As Book 2 opens, we find Angelica enjoying herself in the shower in preparation for a hard nights’ work investigating a new mystery: A haunted house where nubile young women have entered only to disappear without a trace. Naturally, our over-sexed, over-endowed heroine must put all her blessings to work in satisfying her carnal urges–sorry, unraveling the enigma.

Angelica has scarcely entered the house before she falls under the spell of a horny ghost, and things only get more perverse from there as she finds herself repeatedly used and abused, not quite unwillingly. Yet the ghost’s attentions are only the beginning, as far darker things lurk in the house waiting to possess Angelica and make her their sex slave for all eternity.

There are tentacles. And a lot of black goo. Angelica survives to sleuth another day, but I won’t say any more.


Temptation (Natalie’s Edge, Book 1) by R.B. O’Brien

I found this a difficult book to read because Michael, at least initially, comes off as such a manipulative, self-centered prick. You wonder at first why Natalie is so attached to him, beyond what he can make her feel. But … just here and there … you sense that there’s more going on here. And there is.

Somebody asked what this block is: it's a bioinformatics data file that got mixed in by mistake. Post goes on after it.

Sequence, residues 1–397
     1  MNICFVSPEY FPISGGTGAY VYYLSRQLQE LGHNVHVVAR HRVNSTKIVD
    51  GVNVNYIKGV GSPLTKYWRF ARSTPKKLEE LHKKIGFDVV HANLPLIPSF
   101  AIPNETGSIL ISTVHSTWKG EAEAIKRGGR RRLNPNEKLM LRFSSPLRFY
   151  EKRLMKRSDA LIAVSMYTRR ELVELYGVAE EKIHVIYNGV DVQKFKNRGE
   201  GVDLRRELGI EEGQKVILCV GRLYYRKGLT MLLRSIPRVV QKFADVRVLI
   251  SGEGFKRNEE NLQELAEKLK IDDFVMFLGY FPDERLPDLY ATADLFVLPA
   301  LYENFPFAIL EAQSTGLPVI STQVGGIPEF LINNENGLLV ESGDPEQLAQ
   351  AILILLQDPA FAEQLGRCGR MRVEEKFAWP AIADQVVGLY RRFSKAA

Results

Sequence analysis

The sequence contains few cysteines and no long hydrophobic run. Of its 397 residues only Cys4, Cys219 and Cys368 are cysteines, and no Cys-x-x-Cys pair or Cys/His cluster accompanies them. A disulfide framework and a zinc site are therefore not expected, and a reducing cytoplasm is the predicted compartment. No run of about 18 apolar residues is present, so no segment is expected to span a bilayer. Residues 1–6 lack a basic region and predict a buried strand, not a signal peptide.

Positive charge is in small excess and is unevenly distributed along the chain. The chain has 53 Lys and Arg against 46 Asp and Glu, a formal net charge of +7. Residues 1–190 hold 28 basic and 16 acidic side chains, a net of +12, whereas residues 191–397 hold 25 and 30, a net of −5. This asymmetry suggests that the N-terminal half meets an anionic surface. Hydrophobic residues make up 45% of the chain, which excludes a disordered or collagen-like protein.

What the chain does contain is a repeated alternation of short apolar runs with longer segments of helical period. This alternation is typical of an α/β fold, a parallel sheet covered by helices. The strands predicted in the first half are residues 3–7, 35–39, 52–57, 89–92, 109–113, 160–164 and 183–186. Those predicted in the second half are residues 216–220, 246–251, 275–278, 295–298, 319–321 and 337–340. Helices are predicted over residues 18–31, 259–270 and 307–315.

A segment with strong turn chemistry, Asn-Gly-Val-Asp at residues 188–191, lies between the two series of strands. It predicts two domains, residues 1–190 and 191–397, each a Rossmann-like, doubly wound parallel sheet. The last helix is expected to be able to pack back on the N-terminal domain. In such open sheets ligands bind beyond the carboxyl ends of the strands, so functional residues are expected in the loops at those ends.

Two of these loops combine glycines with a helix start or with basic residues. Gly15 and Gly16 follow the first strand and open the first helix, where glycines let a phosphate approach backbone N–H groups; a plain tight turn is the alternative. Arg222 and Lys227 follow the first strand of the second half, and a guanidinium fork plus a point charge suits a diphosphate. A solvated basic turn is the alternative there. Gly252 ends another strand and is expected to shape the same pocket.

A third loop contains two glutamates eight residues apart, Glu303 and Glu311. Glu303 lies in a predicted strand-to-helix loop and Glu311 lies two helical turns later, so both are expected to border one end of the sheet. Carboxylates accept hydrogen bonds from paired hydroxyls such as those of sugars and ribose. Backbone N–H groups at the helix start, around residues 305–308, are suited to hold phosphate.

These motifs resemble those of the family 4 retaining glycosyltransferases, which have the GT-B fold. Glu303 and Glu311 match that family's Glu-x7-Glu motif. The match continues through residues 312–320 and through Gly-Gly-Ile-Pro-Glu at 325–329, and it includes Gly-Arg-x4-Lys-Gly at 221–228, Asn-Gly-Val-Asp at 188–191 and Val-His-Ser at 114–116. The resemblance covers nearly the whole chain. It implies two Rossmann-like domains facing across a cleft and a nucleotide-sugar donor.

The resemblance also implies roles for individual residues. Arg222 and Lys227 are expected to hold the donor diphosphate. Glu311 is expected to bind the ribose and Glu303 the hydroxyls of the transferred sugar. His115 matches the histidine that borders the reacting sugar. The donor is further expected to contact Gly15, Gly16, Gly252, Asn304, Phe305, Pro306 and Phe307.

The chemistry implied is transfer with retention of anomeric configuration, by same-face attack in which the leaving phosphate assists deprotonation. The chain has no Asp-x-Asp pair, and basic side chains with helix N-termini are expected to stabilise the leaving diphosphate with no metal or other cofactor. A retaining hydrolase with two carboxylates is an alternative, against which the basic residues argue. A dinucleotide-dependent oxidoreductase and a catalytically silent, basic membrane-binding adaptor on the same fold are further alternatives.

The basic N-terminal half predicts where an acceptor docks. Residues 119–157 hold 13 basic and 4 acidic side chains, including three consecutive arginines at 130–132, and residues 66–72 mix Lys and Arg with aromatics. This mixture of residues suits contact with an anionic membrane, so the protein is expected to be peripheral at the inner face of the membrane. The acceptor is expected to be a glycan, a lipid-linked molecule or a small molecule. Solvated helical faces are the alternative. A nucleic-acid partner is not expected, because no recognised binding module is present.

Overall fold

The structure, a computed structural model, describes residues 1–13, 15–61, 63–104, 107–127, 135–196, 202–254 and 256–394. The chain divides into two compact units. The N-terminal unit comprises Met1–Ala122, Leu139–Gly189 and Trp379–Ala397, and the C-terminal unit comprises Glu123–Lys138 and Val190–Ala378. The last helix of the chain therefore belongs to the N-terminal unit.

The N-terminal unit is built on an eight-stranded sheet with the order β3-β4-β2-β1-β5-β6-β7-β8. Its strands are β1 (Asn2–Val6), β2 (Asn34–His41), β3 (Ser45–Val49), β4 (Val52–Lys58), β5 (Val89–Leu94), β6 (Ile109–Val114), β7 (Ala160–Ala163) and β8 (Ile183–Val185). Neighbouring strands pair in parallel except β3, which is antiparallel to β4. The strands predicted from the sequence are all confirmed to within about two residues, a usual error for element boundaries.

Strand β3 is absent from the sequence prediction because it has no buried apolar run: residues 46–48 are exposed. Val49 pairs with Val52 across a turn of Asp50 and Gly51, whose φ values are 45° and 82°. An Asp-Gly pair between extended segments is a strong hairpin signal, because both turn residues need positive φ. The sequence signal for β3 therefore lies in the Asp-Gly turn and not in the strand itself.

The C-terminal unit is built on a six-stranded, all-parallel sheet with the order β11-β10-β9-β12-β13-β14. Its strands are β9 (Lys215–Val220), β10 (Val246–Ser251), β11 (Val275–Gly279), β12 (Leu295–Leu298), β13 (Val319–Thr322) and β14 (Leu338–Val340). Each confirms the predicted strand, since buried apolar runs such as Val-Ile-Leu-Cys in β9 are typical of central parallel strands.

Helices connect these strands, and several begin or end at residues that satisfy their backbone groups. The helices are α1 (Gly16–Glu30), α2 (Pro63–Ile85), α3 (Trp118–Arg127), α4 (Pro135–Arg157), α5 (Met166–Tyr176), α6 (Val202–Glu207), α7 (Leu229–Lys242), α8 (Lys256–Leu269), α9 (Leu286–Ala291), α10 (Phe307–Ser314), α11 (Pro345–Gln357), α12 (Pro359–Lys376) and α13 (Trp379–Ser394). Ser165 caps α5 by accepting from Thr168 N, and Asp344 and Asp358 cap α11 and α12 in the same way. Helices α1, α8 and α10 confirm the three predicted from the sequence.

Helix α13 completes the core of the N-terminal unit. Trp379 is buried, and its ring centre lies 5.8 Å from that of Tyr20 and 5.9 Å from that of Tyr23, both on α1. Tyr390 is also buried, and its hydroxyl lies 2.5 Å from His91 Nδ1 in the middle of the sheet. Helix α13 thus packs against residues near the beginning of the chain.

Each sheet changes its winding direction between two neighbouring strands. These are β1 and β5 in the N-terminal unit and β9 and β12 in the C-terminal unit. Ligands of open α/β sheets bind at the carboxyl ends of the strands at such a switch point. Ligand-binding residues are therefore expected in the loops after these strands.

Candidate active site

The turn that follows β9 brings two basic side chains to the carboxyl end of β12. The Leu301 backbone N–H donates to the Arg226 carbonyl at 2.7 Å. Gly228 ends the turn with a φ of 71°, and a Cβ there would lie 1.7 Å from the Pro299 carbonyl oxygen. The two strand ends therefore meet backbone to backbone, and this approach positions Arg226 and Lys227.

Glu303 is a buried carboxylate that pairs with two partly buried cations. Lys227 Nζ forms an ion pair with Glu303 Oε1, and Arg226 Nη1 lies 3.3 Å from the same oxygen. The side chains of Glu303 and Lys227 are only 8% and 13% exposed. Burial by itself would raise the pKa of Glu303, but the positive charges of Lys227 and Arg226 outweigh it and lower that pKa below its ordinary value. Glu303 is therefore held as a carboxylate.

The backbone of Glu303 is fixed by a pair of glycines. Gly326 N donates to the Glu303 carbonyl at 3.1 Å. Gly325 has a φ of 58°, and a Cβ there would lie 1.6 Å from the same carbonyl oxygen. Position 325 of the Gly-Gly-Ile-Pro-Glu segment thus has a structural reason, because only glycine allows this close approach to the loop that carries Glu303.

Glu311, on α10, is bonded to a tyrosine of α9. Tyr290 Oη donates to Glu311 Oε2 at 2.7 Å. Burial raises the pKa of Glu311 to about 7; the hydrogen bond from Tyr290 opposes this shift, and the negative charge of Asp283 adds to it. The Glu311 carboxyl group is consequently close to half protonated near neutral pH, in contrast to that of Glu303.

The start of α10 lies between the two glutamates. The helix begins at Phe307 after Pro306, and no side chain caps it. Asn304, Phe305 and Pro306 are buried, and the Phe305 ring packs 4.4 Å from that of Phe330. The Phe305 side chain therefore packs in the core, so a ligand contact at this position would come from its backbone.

This is an expertly crafted work that the author clearly put a great deal of thought into, not just the plot and narrative structure, but also the two main characters, who are complex, deeply imperfect people with a lot of emotional baggage. You care about Natalie and want her find her way through this, yet at the same time find yourself raging against what seems to be a dangerous situation she’s getting into. I wanted to punch Michael in the face more than once, but I kept feeling that there had to be more to him, that this person I had begun to hate had to be a shell he put up against the world.

I’ve probably said too much and I don’t want to say anymore about the plot for fear of giving away any spoilers. But I was unable to stop reading this book after the first page. It grabbed a hold of me and refused to let go, as difficult as some spots of it were. I’m eager to read the rest of it.

Fall (Natalie’s Edge, Book 2) [Spoilers if you haven’t read Book 1!]

The first book ends with Michael’s declaration of love, but don’t think it’s smooth sailing from there. As much as Natalie and Michael are drawn to each other, they can’t seem to get past their complicated emotional issues. Love alone isn’t enough.

This book starts a bit slow, but the pace picks up bit by bit as a well-intentioned mistake on Natalie’s part sends things rapidly spinning out of control. We end this one with a bombshell of a cliffhanger that finally gives us a clear view of who Michael is, but will this revelation draw them even closer together or blow things apart?

As with the first book, the sex is hot and drawn out as Michael expertly teases Natalie with things she resists, yet can’t stop coming back for. I’m eagerly awaiting Book 3.

Redemption (Natalie’s Edge, Book 3) [Spoilers if you haven’t read Books 1 & 2!]